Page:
How to connect your Mac to the internet

By cable connection
As soon as you use a UTP ethernet cable to connect your Mac to an ethernet modem, you are online. Most modems give out so-called 'dynamic IP-addresses' and your Mac's default setting is exactly this.
You can find those settings at System Preferences => Network. Select Ethernet, and choose at Configure IPv4: 'Using DHCP'

Some internet providers use the PPoE protocol. Then you choose
Configure IPv4 => Create PPPoE Service...

First give the PPPoE Service a name. This name can be given to you by your provider. Then fill in your Account Name and Password, also given to you by your internet provider.

NOTE: Please mind that passwords and account names are capital letter sensitive.

Wirelesss / Wi-Fi

To use a wirelesss network, there are a few things you need to know:
- the networks name (SSID code)
- the type of wirelesss security that is being used (WPA or WEP*)
- the password for the network (WPA- or WEP key).
*WEP is not secure and obsolete!

Select a wirelesss network and login
Go to System Preferences => Network and select Wi-Fi.
Choose at Network Name the name of the wireless network.

Enter the password

Choose the security:

Another way: through the Menu Bar
Go to the Wi-Fi icon in the Menu Bar on the right. Choose your network:

Can't find your network? Then choose Join Other Network.

Advanced Internet Settings
Click at System Preferences => Network at Advanced to fill in other things like Proxy servers.

DNS servers, speed of the Wi-Fi network en Mac addresses of ethernet en Wi-Fi- are also to find here.

Problems with a Wi-Fi connection

Wi-Fi is a radio signal. It's a the same wave length as a microwave oven (no worries, a Wi-Fi transmitter is much weaker than a magnetron). This is the reason you don't need a transmitter permit.
Radio signals travel in a straight line. In case there's some obstacle between the modem and the Mac, like enforced concrete, cables, fish tanks, washing machines, microwaves and pipes, the signal can be jammed.
Also your neighbours can interfere with your signal, in case their modem is on the same radio channel as yours.
- move your modem / router
- choose another channel
- use an amplifier (WDS)

Surfing with Safari

You use a web browser to surf the Internet. It comes with Mac OS and it's name is Safari.
You are not obliged to use Safari. Firefox or Google Chrome are some excellent alternatives.

The Safari window from left to right

Upper row:
- one page backwards, or back to the page you came from
- one page forward, back to the page you came from
- plus sign: make a bookmark (make a favorite)
- field for the internet address (URL) , with on the upper right the rounded reload-page arrow.
This field is also the Google search engine field. No separate space for this!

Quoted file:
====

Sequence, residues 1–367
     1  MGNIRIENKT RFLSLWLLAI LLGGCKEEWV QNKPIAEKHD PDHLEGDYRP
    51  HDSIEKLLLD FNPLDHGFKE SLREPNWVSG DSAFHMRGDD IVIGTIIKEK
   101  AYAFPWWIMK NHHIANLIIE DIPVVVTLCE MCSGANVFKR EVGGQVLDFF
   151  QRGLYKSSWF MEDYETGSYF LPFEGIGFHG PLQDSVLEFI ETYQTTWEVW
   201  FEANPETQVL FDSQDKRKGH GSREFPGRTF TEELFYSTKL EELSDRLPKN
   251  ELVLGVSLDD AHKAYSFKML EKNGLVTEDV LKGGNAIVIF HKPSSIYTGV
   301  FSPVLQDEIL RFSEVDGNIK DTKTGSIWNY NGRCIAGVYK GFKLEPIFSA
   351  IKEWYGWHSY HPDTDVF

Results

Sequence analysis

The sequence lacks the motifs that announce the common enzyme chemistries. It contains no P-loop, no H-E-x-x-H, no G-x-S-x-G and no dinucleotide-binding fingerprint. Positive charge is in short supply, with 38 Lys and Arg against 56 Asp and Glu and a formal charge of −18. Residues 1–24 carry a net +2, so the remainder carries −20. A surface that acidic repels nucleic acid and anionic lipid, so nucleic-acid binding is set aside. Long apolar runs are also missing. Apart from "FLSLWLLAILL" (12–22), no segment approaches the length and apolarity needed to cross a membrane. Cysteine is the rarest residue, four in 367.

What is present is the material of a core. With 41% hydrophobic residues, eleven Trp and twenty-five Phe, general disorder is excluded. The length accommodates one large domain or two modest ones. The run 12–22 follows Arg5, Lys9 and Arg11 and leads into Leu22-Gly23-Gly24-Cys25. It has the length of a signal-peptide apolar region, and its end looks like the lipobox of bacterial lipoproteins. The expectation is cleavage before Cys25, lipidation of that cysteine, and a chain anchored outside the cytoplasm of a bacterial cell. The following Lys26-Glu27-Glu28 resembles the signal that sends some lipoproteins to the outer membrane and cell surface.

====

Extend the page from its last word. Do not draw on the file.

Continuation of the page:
Second row:
- glasses are button that puts the page on the 'reading list'. It downloads the page so that you can keep on reading later in case no internet connection is available
- book icon is the button that shows all your bookmarks
- the Favorites Bar: you can drag and drop your upper favorite bookmarks in here

To add a Bookmark, go to the Bookmarks menu and choose Add bookmark...

Put a bookmark in the Favorites Bar
Drag and drop your upper favorite sites in here.

Then give it a (short) name.

Totally fill the screen
Use the little arrows icon to enlarge the Safari window to the whole screen.

Move your mouse towards the upper right of the screen. The menu bar will appear with a blue icon and arrows. Click it to go back to window view.

Homepage or startpage

At default, Safari goes to the Apple website at start up. Don't lik this?
Go to the Safari menu and choose Preferences...

Choose your favorite opening page at 'Homepage'. Or leave it blank for a blank page at start up.

Downloading images

Just use 'drag and drop': click the picture and drag it to the Desktop.

And there it is:

Downloading images by right-clicking
You can also use a right click to open a menu. Now you can choose to save your image to the 'Downloads' folder, add it to your iPhoto Library or use it as a Desktop picture.

NOTE: occassionally, pictures won't download because web masters don't allow it.

Too small characters in Safari?
Use Command + to make it all bigger (and Command – to make it smaller). Very convenient for MacMiep, with her cat at her lap and leaning back in her desk chair she can still surf the internet!

Email a complete internet page?
Choose Command-i in Safari and Mail wil make a new email with the complete and formatted content of the webpage.

Changing default browser
Ad default, Safari is the browser to open all web pages. Don't like this? Go to the Safari Preferences => General, and choose another browser at 'Default web browser'.